Allainz Logo
Read this if you stink at confession

Why St. Patrick’s Day fires me up.

They used to serve green “shamrock shakes” at McDonalds on Broadway. That was about the best thing about St. Patrick’s…

post by Ben Cachiaras

They used to serve green “shamrock shakes” at McDonalds on Broadway.

That was about the best thing about St. Patrick’s Day as far as I was concerned. I don’t love parades, and Lucky Charms were never my thing. I don’t really like wearing green. It looks fine on Kermit and I do love it on my front lawn (which is why the brown mud hole I’m looking at is kind of depressing).

But I love St. Patrick’s Day now. And I’m not even Irish. Neither was St. Patrick, by the way. (And the Catholic Church never made him a “Saint” either).   

Here’s why St. Patrick’s Day fires me up.  

Because there was a real guy named Patrick who lived in the mid-400s AD. And I love his story because he was just a humble person God used in a huge way.

When Patrick was sixteen years old his little village in Britain was horribly attacked by nasty marauding invaders from Ireland. These barbaric terrorists destroyed everything, racing through the town with swords and torches, people dying, women screaming. Patrick was violently captured and shipped back to Ireland where he was forced into slavery.

For years he worked in the barren wilderness of Ireland herding pigs.

Ireland was overrun with radical paganism, filled with druids and dark worship. It was lonely and frightening for Patrick, difficult and demanding – and in that crucible of captivity and intense loneliness in such a hostile place, it drove Patrick to the Lord. He grew in his prayer life with Christ and became strong in his faith.

Isn’t it amazing how often God uses the difficult times of our lives to draw us closer to him? God shows up in the hard stuff and uses it for his glory. So often it is when we’re in the crucible of fire that we ourselves catch fire for God. 

As a 22-year-old young man, God told Patrick in a dream to return to Britain. So he left! He escaped Ireland, walking some 200 miles to catch a boat back home.

He wasn’t there long when God spoke to him again, and broke his heart for the Irish people. At that moment he knew his life’s calling was to return to Ireland – to leave his homeland, this time willingly – to go back to the very people who had treated him so cruelly.

When God gets hold of us, he can replace our bitterness with a burden. The people we can’t stand sometimes become the very ones we are called to love. As Bob Goff says, “Love everybody all the time. And start with the people who creep you out.”

So off he goes, and spends the next 40 years in Ireland, leading one tribe after another out of the darkness of their hopeless paganism to the light and love of Jesus Christ.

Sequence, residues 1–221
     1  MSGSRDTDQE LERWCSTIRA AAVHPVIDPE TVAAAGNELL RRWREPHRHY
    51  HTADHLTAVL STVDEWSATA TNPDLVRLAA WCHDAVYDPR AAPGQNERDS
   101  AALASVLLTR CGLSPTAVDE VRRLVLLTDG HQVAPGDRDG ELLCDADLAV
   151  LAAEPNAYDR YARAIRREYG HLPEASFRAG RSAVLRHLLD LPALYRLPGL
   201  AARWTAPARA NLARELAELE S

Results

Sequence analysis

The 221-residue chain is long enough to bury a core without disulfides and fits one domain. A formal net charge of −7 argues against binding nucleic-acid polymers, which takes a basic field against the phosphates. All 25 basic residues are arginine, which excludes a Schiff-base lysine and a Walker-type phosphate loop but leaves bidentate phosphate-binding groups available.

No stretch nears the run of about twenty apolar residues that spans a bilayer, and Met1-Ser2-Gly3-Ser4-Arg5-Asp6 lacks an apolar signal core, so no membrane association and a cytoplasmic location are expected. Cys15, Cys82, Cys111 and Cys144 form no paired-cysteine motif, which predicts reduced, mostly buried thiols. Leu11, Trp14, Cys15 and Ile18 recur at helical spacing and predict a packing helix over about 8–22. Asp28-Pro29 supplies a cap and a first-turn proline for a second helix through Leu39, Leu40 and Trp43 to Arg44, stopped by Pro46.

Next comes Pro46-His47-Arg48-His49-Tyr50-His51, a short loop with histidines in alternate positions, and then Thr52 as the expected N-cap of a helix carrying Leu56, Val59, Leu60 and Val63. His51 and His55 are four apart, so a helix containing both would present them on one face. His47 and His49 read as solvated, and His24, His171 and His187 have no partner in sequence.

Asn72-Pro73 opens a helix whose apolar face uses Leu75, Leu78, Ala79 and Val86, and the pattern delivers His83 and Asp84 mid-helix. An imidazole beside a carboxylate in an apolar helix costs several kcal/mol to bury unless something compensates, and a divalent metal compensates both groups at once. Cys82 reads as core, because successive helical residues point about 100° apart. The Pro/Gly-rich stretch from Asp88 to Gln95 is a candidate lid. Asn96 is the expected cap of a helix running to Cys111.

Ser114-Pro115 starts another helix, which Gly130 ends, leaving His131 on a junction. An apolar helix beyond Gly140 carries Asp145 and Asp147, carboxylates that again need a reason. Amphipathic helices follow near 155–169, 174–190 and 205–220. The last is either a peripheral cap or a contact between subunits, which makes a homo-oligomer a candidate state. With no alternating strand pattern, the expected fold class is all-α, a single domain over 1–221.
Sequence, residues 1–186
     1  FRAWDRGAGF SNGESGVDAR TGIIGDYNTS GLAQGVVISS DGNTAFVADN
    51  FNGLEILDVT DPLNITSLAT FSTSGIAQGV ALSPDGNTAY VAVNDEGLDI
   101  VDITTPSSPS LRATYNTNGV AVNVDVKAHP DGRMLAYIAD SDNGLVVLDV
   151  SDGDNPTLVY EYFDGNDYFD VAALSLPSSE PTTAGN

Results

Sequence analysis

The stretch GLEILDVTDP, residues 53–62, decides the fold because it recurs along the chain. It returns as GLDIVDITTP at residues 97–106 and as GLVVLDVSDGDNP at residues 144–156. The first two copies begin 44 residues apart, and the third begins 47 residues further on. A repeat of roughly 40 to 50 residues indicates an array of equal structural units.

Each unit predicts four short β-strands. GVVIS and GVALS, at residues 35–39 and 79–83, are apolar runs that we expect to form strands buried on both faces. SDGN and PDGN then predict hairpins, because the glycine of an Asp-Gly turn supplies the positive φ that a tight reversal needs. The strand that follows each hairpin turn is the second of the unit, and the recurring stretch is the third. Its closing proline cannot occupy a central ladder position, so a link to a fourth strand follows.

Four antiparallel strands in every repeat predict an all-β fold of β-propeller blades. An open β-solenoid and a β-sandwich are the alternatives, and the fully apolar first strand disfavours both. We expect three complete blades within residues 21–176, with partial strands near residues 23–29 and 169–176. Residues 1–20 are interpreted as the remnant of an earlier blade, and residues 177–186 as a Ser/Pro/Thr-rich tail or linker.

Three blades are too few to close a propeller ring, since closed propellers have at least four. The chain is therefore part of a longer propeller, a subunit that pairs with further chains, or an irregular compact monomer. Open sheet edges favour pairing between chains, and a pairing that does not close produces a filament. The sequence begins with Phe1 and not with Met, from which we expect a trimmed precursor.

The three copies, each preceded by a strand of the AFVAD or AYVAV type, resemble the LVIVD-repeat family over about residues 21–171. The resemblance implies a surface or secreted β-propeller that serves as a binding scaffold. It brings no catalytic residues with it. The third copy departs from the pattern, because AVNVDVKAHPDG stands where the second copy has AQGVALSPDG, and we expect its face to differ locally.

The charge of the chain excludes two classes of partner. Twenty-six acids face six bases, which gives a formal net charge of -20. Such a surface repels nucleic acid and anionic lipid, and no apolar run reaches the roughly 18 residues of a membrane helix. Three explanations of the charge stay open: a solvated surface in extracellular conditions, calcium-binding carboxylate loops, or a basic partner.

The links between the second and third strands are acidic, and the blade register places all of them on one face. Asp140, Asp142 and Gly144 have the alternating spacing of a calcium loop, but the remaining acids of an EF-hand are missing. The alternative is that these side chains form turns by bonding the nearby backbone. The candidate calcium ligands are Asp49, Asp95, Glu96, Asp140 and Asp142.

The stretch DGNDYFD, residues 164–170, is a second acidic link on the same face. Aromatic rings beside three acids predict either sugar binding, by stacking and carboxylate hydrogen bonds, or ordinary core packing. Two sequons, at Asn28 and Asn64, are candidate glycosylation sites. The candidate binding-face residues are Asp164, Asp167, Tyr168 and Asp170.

There is so much more to the story I’ll save for another time.

But here’s something important you need to know:

Patrick saying YES to God’s call to go to Ireland wasn’t just a nice thing for him to do. It changed the world.

As a result of his persistent, consistent and strategic ministry, nearly the whole of Ireland was converted to Christianity. What he didn’t realize was that while he was busy in isolated Ireland, Christianity on the rest of the planet was being stamped out. After many years, it was the Christians in Ireland who turned around and sent missionaries to Europe and so many other parts of the world, which then led to the spread of Christian faith all over the world, until today God’s church numbers in the billions.

Many historians believe it is not an exaggeration to say that if it were not for the Celtic Christians in Ireland preserving the faith and sending those missionaries, the flame of Christian faith on planet earth would have been snuffed out.

And it all traces back to one man who heard from God and did what God asked.

Instead of just looking for green milkshakes, let God use Patrick’s story to shape your story:

I wonder what God is asking you to do? 






2 thoughts on “Why St. Patrick’s Day fires me up.

  1. I’ve taught this lesson to my second and third graders for years – they are always amazed to learn the true story of St. Patrick – what a great Christian example

  2. We had an Irish Catholic family enrolled in my preschool. The dad came in dressed like St. Patrick and demonstrated how he was kidnapped and sold into slavery. He enlisted his little red headed Irish son to play the role of Patrick. Dad became the kidnapper and swooped Patrick out of the classroom. When he returned Patrick was a slave and had to do work (he gave him a toy broom from housekeeping center and made him sweep the floor). The children giggled as they watched their friend change from Liam to Patrick. We were all engaged in the little scenario and the children talked about it for days. I honestly never knew this story until that day. Enlightening!

Leave a Reply

Your email address will not be published. Required fields are marked *